Random Thoughts

NO DUE PROCESS –  Was due process really observed when Carlito Ocampo, chief of the Dagupan POSO, was unceremoniously sacked as deputized agent of the Land Transportation Office (LTO) by no less than  LTO Regional Director Teofilo Guadiz III?

To me, it  looks like  Ocampo was not given his day in court because a handbill with the heading “PAUNAWA PO SA LAHAT” was already circulated in the streets and in the hands of many jeepney drivers even if the POSO chief was still unaware of the withdrawal of his authority.

Due process dictates that LTO chief Guadiz should have first called Ocampo’s superior or even City Legal Officer Vicky Cabrera before circulating the handbill unless there is truth to the rumor that he was out to shame Ocampo and the POSO and even Mayor Belen Fernandez purposely.

Ms. Cabrera also thinks Ocampo was denied of due process. Even hardened criminals are entitled to due process, how much more for a POSO chief doing his job.

Without any such formalities, no one can really avoid suspecting that the LTO is protecting the colorum vehicles since it was only their side of story that was heard in this particular case by the honorable director.

Even if Atty. Guadiz insists that Ocampo violated his deputation by confiscating the license of the driver of the colorum vehicles and calling the apprehension illegal, prudence dictates that he should first hear the side of Ocampo before handing him his verdict.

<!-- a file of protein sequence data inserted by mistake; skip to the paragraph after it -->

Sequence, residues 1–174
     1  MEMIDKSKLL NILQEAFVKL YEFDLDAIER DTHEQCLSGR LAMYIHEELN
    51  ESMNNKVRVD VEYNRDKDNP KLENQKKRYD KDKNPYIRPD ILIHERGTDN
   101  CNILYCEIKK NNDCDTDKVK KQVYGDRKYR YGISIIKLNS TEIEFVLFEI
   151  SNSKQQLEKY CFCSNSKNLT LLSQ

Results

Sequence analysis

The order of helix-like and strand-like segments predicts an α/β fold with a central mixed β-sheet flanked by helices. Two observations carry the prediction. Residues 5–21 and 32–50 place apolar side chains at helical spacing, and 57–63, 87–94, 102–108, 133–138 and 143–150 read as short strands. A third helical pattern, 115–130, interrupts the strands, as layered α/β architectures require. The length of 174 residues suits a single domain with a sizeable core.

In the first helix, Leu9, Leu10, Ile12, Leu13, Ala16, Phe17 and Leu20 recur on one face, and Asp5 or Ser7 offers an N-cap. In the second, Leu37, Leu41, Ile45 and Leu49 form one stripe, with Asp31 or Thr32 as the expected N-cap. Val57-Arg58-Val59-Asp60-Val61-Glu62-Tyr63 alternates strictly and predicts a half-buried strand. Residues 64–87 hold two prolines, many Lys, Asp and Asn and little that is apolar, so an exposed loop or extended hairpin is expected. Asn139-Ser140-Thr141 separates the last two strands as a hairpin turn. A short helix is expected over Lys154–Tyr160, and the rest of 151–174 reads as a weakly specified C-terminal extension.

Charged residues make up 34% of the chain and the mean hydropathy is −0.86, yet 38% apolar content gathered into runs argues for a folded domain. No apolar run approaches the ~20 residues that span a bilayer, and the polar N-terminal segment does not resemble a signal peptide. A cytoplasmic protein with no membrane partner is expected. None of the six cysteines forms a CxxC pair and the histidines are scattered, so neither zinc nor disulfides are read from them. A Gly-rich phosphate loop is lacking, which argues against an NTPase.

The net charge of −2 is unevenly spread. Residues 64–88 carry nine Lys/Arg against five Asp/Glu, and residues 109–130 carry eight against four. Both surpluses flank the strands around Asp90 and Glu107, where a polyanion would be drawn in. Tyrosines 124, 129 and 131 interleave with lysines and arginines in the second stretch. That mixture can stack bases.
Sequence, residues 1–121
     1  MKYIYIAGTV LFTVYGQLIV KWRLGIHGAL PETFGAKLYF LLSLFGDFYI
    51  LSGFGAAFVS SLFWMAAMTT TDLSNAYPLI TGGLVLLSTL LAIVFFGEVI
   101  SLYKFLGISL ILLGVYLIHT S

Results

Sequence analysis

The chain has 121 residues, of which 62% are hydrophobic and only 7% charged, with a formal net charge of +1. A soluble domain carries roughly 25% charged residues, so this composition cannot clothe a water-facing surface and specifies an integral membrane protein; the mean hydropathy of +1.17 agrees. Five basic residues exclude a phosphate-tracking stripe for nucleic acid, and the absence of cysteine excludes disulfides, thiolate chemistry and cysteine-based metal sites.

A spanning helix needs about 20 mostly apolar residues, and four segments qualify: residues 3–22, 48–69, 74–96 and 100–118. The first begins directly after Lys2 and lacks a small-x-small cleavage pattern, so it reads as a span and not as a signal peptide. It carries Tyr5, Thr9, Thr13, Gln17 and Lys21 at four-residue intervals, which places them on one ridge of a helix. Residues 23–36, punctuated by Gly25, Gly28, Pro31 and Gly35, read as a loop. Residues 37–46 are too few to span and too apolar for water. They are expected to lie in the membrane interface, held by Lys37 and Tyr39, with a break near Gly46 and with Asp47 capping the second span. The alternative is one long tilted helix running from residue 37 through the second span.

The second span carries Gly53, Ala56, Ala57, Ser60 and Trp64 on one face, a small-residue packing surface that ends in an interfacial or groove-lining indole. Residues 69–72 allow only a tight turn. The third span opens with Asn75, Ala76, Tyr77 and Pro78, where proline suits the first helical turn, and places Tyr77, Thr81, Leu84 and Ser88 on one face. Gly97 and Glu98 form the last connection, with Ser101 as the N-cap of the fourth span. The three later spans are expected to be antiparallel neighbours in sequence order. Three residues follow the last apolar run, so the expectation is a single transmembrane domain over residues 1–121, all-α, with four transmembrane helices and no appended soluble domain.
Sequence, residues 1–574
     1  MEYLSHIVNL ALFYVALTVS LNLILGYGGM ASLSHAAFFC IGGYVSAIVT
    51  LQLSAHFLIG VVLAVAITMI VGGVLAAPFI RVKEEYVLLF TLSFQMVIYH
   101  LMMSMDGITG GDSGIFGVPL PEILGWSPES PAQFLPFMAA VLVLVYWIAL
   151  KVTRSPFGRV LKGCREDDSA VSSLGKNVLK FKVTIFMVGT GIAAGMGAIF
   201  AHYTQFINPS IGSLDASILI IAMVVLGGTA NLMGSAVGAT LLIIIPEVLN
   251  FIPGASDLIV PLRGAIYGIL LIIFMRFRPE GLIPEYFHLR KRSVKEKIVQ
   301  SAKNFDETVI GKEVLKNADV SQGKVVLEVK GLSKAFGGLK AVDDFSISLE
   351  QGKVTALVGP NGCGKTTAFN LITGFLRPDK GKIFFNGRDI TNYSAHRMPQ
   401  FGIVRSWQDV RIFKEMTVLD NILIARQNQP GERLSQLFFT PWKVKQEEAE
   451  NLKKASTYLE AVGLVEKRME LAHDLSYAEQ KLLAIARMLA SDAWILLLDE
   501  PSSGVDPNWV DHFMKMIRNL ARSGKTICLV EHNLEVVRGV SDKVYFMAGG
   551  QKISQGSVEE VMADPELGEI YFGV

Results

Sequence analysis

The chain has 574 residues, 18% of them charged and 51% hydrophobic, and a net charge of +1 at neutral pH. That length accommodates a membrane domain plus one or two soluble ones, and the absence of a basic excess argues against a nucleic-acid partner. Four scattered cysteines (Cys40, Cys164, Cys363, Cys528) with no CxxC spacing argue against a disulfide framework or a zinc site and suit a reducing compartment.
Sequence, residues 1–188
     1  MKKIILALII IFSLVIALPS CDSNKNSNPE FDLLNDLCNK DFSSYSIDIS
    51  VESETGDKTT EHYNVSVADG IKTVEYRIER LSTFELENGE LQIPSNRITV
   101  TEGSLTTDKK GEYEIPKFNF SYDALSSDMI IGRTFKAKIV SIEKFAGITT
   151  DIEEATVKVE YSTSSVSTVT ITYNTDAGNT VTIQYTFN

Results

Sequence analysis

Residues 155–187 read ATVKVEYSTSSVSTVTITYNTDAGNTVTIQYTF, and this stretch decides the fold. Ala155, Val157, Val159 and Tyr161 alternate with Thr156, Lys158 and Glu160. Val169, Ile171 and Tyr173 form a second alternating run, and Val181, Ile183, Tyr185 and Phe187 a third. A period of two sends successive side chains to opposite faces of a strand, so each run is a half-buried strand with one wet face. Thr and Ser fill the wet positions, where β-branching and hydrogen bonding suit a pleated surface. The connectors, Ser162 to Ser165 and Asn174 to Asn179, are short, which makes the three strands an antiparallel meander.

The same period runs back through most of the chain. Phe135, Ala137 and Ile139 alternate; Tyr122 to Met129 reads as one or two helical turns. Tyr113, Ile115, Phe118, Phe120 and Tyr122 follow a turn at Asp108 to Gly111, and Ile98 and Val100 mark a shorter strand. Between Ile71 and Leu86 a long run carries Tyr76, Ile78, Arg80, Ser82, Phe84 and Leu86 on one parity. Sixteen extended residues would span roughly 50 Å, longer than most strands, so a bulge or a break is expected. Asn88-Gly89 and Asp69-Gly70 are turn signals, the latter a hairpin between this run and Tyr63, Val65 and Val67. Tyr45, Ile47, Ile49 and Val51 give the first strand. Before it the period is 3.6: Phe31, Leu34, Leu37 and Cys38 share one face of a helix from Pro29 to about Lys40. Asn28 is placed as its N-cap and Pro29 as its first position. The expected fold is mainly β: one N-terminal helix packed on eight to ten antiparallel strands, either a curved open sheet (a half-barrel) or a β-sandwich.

As gleaned from Ocampo’s statement, neither he nor City Legal Officer Cabrera was contacted before LTO lowered the ax on the POSO chief’s neck.

Ocampo may have been hurt more when Guadiz voided all his actions and even went to call the drivers apprehended to get their licenses back from the LTO without paying anything.

But on the issue raised by the LTO director on television that Ocampo is not qualified for the deputation as he is not an organic member of the POSO office being only a contractual employee, that to me is another matter.

It should have been raised before LTO held a two-day seminar for POSO men and issued Ocampo’s identification card, recognizing him as deputized agent of LTO.

Incidentally, there were five policemen accredited by LTO as deputized agents.

Ocampo related to a newsman an incident when his men arrested a tricycle driver who cruised A.B. Fernandez Avenue in the downtown area, from the Quintos Bridge, as ordered by his lady passenger who identified herself as an LTO employee.

When POSO men asked the driver to show his driver’s license, the woman passenger brought out her LTO identification card and told Ocampo’s men to instead get her ID.

The driver of the tricycle where the woman was on board had no driver’s license, said Ocampo. The incident was recorded in the police blotter.

Incidentally, since it has been proven that there are colorum vans commuting paying passengers as proven by their apprehension in Dagupan, was it not better if LTO just endorsed the case of those apprehended to LTFRB?

Returning the licenses of these drivers at no cost to them might not be the right option?

Cuirously, there’s a loose talk in the transport sector that colorum operators are paying monthly payola for protection inside LTO.  True? Just asking. – Leonardo Micua

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